The new science of decision engineering

Lorien Pratt and Mark Zangari

The global telecommunications network is arguably the largest, most complex and most reliable technology artifact ever created.  The reason for our success: we excel at coordinating the effort of large numbers of experts to solve difficult, complicated problems. 

Over the past two decades, operators' strategic challenges have shifted from the network to the back office.  Just as the network benefited from significant innovations in network engineering, new concepts in software engineering have been applied to streamline OSS and BSS.

In most telcos today the source of strategic risk and, therefore, opportunity, has again shifted.  It now resides in the ability to make effective decisions quickly, as telcos navigate a turbulent, rapidly evolving competitive environment.  Although network engineering and software engineering for OSS/BSS are still critical, telcos have become like a ship that can move quickly but lacks a navigational system.  Those at the helm are now those most in need of innovation. Steering very high stakes at high speed through enormous complexity has exceeded the limit of what is manageable by today's ad hoc approaches. Consequently, an opportunity exists for the industry to extend traditional engineering principles into the realm of decision making. 

By following decision engineering principles, operators can leverage previously underutilized data sources during decision making, combine the best of both worlds of data and expert judgment, and can achieve better alignment during decision implementation throughout the organization.   
These decisions may be at many levels, from the strategic choice for a new geographic market, down to a tactical decision regarding how much to charge for a new product.

Lost in complexity

As with network and software engineering, the need for a decision engineering discipline arises from complexities that cannot be effectively managed using informal approaches. Complexity may arise from many sources.  First, the sheer number of factors that must be considered in making the decision, and their inter-relationships, can overwhelm the capabilities of a decision maker who relies on informal methods.  Consider setting the parameters for a typical product - a process that must take into account features, pricing, QoS, marketing, competitors, etc.  Not only are there many such factors, but they also affect one another.  Changing pricing, for example, changes the demographics that are attracted to the product, the level of QoS that is possible, and the response of competitors.  These relationships are highly non-linear, rendering simple reasoning about them dangerously ineffective.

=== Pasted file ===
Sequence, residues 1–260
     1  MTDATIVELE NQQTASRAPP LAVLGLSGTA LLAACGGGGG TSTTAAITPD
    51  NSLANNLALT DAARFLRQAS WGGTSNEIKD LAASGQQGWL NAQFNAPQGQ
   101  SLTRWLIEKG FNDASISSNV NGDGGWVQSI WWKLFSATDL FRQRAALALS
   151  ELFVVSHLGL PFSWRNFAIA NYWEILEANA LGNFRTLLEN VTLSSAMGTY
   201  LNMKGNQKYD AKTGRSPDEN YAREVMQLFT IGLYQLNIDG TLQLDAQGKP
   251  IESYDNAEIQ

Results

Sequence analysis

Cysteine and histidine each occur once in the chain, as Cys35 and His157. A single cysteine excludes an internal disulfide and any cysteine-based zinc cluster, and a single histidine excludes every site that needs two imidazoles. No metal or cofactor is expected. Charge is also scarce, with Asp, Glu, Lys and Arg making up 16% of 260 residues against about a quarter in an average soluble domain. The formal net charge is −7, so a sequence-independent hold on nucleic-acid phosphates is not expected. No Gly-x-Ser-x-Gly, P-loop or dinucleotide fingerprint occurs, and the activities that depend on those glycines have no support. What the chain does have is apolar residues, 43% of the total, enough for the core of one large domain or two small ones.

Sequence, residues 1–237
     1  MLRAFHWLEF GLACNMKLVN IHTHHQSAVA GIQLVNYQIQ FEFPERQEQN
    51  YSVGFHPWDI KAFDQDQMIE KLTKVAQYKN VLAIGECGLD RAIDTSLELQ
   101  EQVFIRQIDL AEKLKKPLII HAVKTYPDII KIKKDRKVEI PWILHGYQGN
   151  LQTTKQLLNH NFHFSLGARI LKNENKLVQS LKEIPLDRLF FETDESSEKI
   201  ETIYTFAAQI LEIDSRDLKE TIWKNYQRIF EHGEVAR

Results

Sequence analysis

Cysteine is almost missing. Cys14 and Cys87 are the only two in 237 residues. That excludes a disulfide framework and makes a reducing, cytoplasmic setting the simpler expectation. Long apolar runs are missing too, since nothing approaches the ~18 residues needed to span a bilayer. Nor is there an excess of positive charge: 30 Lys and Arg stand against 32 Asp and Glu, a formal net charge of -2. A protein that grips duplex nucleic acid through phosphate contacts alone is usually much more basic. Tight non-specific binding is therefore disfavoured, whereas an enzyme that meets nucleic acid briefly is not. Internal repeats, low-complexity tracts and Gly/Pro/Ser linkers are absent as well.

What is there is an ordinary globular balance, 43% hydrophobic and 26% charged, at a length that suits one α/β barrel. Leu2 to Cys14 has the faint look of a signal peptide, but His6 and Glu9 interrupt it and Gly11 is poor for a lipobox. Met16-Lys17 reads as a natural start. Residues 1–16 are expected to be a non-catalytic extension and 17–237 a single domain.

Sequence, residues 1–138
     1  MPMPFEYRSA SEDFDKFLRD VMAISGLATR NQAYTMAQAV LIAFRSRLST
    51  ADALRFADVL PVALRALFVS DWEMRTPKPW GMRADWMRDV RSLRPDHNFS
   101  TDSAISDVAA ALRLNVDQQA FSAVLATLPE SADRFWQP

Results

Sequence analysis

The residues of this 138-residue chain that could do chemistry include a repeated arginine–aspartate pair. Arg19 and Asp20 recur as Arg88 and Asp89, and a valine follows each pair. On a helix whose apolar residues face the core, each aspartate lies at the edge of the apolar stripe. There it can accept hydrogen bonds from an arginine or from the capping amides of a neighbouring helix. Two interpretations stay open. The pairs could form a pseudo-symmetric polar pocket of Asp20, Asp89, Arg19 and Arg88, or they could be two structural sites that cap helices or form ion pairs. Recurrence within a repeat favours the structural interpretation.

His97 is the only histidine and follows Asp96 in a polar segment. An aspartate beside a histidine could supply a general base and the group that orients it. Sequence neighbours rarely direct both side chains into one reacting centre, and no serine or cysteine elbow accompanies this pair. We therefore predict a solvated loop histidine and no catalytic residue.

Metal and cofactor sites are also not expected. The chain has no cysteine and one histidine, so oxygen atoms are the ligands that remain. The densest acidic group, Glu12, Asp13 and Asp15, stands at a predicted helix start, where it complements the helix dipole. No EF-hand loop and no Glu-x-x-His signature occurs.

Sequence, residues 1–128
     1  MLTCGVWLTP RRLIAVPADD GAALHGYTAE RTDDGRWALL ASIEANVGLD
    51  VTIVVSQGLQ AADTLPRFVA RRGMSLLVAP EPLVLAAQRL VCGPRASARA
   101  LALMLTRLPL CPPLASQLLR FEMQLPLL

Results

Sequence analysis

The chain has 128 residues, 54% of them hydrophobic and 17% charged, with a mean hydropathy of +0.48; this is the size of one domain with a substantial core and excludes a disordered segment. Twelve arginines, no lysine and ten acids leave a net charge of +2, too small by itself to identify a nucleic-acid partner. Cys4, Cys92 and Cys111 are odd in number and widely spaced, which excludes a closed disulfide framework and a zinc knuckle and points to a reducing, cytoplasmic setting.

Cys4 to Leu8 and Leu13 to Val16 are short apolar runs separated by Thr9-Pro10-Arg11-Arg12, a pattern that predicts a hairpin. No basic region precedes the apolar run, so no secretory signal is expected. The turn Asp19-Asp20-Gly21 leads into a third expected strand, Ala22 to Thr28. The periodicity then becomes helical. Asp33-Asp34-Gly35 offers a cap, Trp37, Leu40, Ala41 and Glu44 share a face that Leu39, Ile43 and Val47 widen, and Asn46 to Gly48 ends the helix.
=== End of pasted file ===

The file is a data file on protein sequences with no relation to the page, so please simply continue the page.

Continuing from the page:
Time adds additional complexity.  Factors affecting a decision rarely remain static.  In addition, the criteria used to make the decision, the constraints it must satisfy, and even the outputs of the decision itself will all typically evolve.  So a change control process that can handle both the rate and extent of change, and be able to quickly assess its impact, is essential.

Another source of complexity arises from the data that populates the quantitative elements in the decision model.  Data may be obtained from sources such as an organization's operations, an external vendor or from a study commissioned to guide a decision.  Each data source adds complexity.  The first, in particular, is often problematic for at least two reasons.  Operations data repositories are often both very large and extremely hard to access without significant IT expenditure.  External and empirical data present their own challenges, principally ensuring that the data provided aligns with that needed to inform the decision.

Finally, there is the matter of uncertainty.  Data is often not available, is vague or imprecise, or is of questionable accuracy or reliability.  Clearly understanding the effect of unreliable data as it propagates through the decision process adds yet further complexity.

Pages

Commentary

5G and data center-friendly network architectures

Matt Walker / MTN Consulting

Webscale and transmission network operators' interests are aligning as the 5G era dawns

Matt Walker / MTN Consulting

Webscale and transmission network operators' interests are aligning as the 5G era dawns

Rémy Pascal / Analysys Mason

The launch of 5G by South Korean operators serves as a first benchmark for other operators around the world